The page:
The realm of the digital, in this project, seems ideal for exploring the realm of the wild, and vice versa: Expressions of digital and wild life exist not in opposition or parallel, but within processes of transduction. Dynamic structures of object-oriented programming offer tremendous possibility for rendering life patterns of an ecosystem; at the same time, the “unnatural” sound of digital synthesis exposes our understandings of nature as always already entwined with cultural production. If music is, as in Attali's analysis, “a herald, for change is inscribed in noise faster than it transforms society”, such dynamically generated sonic models of ecosystems offer one method of making survival struggles more audible [27].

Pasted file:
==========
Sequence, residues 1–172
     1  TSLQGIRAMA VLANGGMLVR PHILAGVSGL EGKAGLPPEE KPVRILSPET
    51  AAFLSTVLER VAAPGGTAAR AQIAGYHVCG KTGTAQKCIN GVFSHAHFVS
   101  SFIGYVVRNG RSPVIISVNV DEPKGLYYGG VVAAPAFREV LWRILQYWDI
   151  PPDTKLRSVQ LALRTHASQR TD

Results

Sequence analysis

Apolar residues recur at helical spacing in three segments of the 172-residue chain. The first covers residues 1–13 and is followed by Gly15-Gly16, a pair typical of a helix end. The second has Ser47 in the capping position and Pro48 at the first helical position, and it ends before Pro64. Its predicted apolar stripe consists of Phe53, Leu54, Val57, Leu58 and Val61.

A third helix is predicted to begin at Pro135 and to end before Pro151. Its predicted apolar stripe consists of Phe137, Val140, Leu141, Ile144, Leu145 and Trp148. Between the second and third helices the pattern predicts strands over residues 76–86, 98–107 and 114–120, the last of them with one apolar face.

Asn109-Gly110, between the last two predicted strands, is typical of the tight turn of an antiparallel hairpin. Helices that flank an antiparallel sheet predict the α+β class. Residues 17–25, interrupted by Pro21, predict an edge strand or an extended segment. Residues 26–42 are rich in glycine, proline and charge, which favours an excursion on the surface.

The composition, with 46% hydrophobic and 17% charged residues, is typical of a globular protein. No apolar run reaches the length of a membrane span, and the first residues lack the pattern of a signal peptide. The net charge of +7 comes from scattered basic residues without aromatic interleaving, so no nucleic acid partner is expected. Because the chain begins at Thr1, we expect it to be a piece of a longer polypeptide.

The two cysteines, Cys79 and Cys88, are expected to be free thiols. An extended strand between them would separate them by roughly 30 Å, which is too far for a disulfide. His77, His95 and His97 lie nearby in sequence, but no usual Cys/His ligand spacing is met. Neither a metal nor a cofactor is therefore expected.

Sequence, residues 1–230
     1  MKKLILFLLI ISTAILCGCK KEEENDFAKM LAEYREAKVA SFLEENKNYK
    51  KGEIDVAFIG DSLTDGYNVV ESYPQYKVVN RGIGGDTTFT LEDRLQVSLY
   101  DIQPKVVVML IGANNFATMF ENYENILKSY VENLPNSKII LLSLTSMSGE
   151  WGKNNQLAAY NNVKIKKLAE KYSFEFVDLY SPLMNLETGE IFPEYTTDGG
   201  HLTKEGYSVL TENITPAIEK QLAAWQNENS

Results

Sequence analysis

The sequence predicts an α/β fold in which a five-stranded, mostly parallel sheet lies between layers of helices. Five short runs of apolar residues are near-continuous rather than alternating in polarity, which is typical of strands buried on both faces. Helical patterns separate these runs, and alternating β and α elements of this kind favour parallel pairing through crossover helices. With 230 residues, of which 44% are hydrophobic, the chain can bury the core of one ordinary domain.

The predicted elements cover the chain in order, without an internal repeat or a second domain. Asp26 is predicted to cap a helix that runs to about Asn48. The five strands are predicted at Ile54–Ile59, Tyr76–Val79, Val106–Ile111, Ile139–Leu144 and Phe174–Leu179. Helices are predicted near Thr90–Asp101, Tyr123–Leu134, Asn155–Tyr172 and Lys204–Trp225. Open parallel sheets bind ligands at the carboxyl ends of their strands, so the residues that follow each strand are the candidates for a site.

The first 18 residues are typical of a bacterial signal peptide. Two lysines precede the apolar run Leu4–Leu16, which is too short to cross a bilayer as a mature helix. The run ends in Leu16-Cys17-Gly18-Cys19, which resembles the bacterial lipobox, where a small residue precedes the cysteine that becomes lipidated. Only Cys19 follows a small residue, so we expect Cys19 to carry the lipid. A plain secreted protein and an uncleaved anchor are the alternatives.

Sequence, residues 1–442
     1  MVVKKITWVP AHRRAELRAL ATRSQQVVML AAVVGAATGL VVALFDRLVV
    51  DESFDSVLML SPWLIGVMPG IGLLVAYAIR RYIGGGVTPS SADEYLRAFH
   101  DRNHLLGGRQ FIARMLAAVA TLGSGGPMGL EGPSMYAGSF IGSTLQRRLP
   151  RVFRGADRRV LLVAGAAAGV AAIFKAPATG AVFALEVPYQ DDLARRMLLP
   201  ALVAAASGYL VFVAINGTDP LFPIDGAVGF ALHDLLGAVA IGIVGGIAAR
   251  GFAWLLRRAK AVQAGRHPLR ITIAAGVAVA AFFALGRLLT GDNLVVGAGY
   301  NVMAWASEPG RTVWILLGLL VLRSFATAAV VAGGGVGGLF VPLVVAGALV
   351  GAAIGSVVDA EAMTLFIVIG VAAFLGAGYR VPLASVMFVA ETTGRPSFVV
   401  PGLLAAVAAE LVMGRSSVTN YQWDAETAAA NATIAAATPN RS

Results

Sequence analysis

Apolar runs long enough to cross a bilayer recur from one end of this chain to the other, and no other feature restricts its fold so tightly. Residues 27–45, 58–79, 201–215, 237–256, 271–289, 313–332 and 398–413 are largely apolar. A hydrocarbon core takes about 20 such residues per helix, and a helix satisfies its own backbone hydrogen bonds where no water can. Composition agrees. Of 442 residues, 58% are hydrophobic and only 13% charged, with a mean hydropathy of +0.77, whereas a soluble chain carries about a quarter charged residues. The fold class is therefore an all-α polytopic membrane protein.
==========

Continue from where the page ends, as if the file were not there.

Note: "Butterfly Effects" was presented as a quad sound installation at the Mills College Chapel, Oakland, California, on March 31, 2006. Audio and video documentation are online at: http://www.safety-valve.org/bfx.html

References and Notes

1. Karen S. Oberhauser and Michelle J. Solensky (eds.) The Monarch Butterfly: Biology and Conservation (Ithaca: Cornell University Press, 2004); Karen Oberhauser, Monarch Butterfly FAQ,  http://www.learner.org/jnorth/search/Monarch.html; Walter Sakai, Monarch Butterflies, http://homepage.smc.edu/sakai_walter/Monarch%20Butterfly/monarch.htm; Heidi Hardman, How Monarch Butterflies Are Wired for Navigation, http://www.eurekalert.org/pub_releases/2005-05/cp-hmb042905.php, last accessed September 2005.

2. Gregory Rae, Chaos Theory: A Brief Introduction, http://www.imho.com/grae/chaos/chaos.html, last accessed September 2005.